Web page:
It has long been assumed that the emotional and mental health of a family will have a direct impact on its children. This supposition was supported by a revolutionary study conducted in 2014 by psychologists at Michigan State University, who claim that even unborn babies are affected by domestic abuse. But what do the effects of domestic violence look like when they manifest in the lives of children?
According to the Office of Children’s Ombudsman (OCO), the effects of domestic abuse on children is significant. Depending on the duration and severity of the abuse, the effects can be seen as emotional, and physical symptoms. It is also said to impact a child’s behavior and social interactions.
Unlike child abuse, which is very specific about who the victim is, domestic violence can refer to any form of violence or abuse in the home. Very often, domestic abuse refers to abuse of one spouse of partner by the other. The OCO has provided a breakdown on their website of the most common symptoms exhibited by children who are the victims of domestic violence. This can also include children who are not personally victims, but witness it happening in their homes, either to another sibling or to a parent.
Not including the signs and symptoms suffered by children who are the direct victims of abuse, children who witness violence against a loved one may complain of general aches and pains. This could include headaches, cramps and stomach aches. They may also suffer frequent illnesses, digestive issues, fatigue and general exhaustion, and bed wetting.
Children tend to carry a lot of shame and guilt about abuse and domestic violence. They often believe they are in some way responsible for what has happened. As a result, they experience anxiety, fear, humiliation, shame, anger, loneliness and helplessness. They experience intense worry over the safety of their abused parent, or siblings, and themselves. Many children who are exposed to domestic violence can develop depression, anxiety, PTSD, and other mental health conditions.
Children who are exposed to domestic violence and abuse frequently exhibit behavioral problems. show signs of increased aggression. They also often have difficulty concentrating, and can struggle with sleeplessness and nightmares. Studies also show that these children are more prone to destructive behavior and lying. In some instances these behaviors can lead to legal difficulties, substance abuse, and poor academic performance.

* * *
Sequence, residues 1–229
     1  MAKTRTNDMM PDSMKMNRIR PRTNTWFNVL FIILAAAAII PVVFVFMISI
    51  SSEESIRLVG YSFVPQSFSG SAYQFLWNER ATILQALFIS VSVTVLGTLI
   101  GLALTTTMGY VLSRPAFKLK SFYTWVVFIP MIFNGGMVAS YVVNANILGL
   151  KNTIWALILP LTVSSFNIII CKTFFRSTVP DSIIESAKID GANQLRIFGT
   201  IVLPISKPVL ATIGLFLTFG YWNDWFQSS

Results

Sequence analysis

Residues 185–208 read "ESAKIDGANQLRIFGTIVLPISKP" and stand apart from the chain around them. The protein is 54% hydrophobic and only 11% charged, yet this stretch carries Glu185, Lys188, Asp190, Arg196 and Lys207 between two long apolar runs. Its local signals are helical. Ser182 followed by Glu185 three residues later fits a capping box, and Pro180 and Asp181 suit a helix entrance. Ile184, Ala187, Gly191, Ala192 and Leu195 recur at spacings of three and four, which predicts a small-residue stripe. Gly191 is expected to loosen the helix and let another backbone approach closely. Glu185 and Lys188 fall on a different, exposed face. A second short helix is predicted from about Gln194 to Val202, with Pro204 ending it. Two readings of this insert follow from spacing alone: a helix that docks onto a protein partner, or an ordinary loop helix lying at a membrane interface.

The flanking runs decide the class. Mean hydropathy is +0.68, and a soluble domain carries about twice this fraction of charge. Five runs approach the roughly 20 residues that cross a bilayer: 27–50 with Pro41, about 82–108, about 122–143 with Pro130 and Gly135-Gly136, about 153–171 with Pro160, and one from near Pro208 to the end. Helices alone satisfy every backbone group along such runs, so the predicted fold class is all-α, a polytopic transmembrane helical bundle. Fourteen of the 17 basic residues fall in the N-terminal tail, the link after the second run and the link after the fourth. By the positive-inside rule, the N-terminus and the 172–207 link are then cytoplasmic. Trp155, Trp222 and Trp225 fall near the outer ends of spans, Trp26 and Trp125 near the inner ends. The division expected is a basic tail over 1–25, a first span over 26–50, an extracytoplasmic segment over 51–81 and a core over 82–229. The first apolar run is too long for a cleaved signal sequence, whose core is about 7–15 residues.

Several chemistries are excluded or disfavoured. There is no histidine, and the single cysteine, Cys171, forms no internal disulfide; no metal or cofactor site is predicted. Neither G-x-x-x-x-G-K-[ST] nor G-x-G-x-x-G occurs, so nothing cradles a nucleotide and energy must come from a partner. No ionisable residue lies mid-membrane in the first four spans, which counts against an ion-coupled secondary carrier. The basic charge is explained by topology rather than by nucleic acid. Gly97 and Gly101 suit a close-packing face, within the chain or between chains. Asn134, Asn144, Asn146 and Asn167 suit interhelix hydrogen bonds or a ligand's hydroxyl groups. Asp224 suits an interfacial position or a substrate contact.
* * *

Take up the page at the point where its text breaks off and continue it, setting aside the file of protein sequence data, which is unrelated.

Children who have been exposed to domestic abuse may exhibit a distrust of adults. They may also choose to isolate themselves from others, which may stem from a fear of being vulnerable, or being “found out”. Later in life, they sometimes also use violence and power to abuse others, or engage in exploitative relationships in their adulthood.
We share this list with you because we want our readers to be aware of the fact that domestic violence is a real problem, and children often do suffer. However we also caution you not to jump to conclusions about these symptoms. A child with a bedwetting problem is not necessarily the victim of violence, just as a child who struggles with anxiety is not definitively a victim of abuse. Be aware, be alert, and be cautious. An unreported abusive situation can do a lot of damage. But so can a false allegation of abuse.
If you’ve been accused of any form of abuse, whether it’s child abuse or abuse of your spouse or partner, contact us immediately at 800-576-6035. Our skilled defense attorneys are available 24/7 to help you navigate this difficult time, and provide exceptional legal advice so that you are able to proceed with the peace of mind that you deserve